Soprano XL Laser Hair Removal Review - United Kingdom, GB
I never fully appreciated how long the treatment...
The first question most people want to know including me (at the start and even nine treatments later!) is how many treatments are required before you’re done? The average number of treatments that someone requires to achieve a satisfactory level of permanent hair reduction is six to eight, however this is just an average and it really does vary amongst individuals. I sometimes read websites where they say that on your initial consultation, the beautician can give you an idea of how many treatments you’ll need. The reason I choose Bupa was that the nurse, Helen that I did the first few treatments with was very honest, and told me that she couldn’t give me the exact number of treatments I’d require, but based on her years of experience dealing with people of a similar ethnic background/skin tone (because that can vary widely) she approximated I’d need a minimum of eight and perhaps more thereafter. She did say one woman only needed four, but that was very unusual. So, my first piece of advice is to be wary of anyone that tells you to expect to be done after 6 to 8 treatments. If you’re lucky enough to have very pale skin, my dark hair and no underlying hormonal issue then it’s highly likely you may need fewer than the average number of treatments . There are no guarantees, so the question ‘how many treatments’ is comparable to asking ‘how long do you think your colleague will be on the phone for’ or ‘how long is a piece of string’ – there’s no straight answer – got it, good :)
Now, I’ll try to answer most of the questions people contemplate before embarking on laser hair removal:
What is laser hair removal in simple terms? In this procedure, laser light is absorbed by melanin in the hair shaft damaging the follicular epithelium (this is the reason why the treatment is most successful for people with dark hair and non-responsive for those with red or white hair; for those with such lighter hair you may notice hair loss but this is most likely to be temporary – this is because these hair colours contain little or no melanin, there is less chromophore for the laser to target, and the response is less). After treatment, you’ll notice that re-growing hairs appear thinner and lighter than previously (which is what I noticed after the very first treatment, re-growing hairs were a muted black). There are a number of different laser machines that work for different skin tones, I read that Nd:YAG lasers are best suited to those with darker skin tones, but the Soprano laser can work for all skin tones and is touted to be less uncomfortable than the older lasers where numbing creams are used.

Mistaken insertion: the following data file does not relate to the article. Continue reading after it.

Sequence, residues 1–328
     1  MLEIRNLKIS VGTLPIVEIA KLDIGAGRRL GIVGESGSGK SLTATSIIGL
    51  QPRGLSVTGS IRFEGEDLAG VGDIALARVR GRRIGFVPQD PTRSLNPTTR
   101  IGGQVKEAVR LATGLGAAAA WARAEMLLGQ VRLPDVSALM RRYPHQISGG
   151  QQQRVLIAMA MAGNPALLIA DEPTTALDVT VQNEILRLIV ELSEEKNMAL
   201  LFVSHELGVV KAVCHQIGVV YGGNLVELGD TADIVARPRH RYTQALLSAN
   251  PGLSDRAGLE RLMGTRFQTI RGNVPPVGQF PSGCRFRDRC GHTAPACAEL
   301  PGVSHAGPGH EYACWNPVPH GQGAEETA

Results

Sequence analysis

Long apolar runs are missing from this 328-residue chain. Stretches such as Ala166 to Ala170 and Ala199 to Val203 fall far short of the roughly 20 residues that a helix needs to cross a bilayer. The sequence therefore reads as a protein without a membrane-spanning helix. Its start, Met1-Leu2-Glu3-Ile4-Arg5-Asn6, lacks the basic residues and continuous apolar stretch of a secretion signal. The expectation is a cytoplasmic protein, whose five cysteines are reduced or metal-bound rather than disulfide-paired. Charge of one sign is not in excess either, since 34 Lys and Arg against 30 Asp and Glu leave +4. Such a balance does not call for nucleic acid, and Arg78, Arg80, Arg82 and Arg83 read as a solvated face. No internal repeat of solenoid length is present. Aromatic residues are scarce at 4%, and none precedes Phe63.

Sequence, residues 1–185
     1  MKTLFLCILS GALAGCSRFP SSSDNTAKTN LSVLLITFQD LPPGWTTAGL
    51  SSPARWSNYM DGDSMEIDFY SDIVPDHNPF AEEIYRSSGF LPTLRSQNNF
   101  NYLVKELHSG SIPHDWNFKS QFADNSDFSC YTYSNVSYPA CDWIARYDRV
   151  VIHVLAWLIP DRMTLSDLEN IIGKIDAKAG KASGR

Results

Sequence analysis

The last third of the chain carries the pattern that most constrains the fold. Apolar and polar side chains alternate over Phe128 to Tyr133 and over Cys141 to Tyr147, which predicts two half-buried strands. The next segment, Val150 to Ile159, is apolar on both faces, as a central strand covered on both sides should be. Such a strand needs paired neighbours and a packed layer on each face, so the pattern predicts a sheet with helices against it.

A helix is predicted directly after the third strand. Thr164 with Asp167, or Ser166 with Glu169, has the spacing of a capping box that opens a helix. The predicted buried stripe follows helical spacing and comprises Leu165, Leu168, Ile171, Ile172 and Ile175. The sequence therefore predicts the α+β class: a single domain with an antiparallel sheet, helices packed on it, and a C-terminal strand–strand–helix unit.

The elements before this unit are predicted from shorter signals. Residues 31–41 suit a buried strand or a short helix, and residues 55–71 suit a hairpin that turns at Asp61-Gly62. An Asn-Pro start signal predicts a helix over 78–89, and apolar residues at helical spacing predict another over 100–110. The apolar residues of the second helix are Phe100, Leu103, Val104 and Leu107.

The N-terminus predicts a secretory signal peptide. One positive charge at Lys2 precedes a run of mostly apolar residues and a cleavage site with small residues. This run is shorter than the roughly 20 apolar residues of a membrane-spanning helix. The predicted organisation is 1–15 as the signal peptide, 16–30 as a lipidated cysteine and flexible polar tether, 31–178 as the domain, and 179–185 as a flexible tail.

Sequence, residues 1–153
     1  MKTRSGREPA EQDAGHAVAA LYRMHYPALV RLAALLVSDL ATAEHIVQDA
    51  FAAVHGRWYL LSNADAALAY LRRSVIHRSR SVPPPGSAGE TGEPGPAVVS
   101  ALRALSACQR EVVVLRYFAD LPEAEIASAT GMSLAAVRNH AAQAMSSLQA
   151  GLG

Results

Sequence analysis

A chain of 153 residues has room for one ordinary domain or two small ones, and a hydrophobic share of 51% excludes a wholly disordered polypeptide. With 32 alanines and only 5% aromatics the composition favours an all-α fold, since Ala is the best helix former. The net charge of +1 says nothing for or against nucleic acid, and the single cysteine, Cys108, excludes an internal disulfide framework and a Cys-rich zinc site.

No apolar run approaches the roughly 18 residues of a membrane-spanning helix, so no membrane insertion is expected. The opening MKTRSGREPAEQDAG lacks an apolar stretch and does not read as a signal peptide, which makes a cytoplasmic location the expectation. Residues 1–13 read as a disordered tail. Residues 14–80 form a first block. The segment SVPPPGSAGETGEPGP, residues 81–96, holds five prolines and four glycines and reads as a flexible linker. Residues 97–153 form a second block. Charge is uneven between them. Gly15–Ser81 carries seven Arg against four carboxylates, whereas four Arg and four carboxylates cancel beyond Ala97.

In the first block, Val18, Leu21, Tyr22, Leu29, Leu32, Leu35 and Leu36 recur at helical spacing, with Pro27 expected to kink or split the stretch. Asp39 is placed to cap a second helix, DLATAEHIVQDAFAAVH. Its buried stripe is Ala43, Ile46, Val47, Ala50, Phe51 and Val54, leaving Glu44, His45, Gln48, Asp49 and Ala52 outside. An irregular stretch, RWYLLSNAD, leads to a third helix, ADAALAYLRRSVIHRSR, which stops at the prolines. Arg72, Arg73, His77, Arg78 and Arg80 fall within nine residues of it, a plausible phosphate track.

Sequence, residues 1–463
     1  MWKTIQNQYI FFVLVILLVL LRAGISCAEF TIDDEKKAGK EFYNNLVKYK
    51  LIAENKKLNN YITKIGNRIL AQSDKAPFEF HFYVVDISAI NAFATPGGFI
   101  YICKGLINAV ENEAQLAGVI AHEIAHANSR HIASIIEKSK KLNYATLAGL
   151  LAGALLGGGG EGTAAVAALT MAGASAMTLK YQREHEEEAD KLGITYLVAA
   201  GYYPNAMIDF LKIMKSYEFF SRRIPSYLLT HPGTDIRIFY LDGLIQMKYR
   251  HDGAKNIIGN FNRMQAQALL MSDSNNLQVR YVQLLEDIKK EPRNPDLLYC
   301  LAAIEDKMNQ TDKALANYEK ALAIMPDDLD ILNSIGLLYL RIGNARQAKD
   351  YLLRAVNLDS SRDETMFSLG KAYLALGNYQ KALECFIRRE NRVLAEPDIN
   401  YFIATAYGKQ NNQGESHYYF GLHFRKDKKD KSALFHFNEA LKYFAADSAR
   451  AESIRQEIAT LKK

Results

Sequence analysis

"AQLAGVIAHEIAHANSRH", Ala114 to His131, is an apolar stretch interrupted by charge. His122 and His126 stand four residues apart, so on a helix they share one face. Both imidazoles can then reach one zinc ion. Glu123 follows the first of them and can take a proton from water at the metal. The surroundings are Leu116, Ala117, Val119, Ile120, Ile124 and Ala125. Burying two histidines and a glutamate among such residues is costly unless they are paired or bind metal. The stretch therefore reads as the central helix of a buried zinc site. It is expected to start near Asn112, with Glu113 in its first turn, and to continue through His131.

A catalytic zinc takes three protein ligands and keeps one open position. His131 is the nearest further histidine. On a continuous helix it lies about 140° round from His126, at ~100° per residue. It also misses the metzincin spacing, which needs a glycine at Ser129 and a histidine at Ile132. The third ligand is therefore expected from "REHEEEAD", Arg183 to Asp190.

Hair grows in three cycles, anagen (active growth phase – laser hair removal only affects this stage), catagen (regression phase) and telogen (resting phase). At any one time, only a certain percentage will be in the anagen phase (approximately varies from 10 to 25%), which is the reason why you need multiple treatments over 6 weeks for the first few treatments followed by 8 weeks for those remaining.
Preparing for Treatment:
You should not wax or pluck your hair for at least six weeks prior to the laser treatment, this is because the hair shaft is the chromophore and this needs to be present in the hair follicle at the time of treatment. Shaving and depilatory creams are acceptable methods of removing hair whilst undergoing treatment.
It is important to shave before the treatment as if the external hair shaft is present; the laser will burn it, which will burn your skin. The nurse told me to prepare by either shaving the night before or morning of the day of treatment; if you get a rash after shaving then opt for the night before, but I shave in the morning. Keep the area clean and don’t use any creams or lotions, and no deodorant if having your underarms lasered. If you’re on any medications/supplements, disclose this prior to starting and don’t get a tan (reason: having a tan prior to treatment increases your risk of hyper-pigmentation and scarring). I was on doxycycline for a few weeks over a year ago when I was ill and had problems breathing (turned out to be stress-related and I didn’t have to take it), the specialist told me he had no issue with me being on medication whilst having treatment as he saw no contradiction (Dr Mallipeddi is one of the leading laser surgeons in the country), but said that clinics will warn against this as they think there’s a theoretical risk, but in reality it’s nonsense. The clinic will ask that you wait about 7 to 10 days after stopping antibiotics.
What to expect:
You’ll need to have an initial consultation which was free for me to discuss expectations and crucially have a test patch on a small area of the skin to be treated, then you must wait a couple of days just to ensure there’s no reaction. At the start of each treatment you’ll be asked to sign a form consenting to treatment as it’s classified as cosmetic.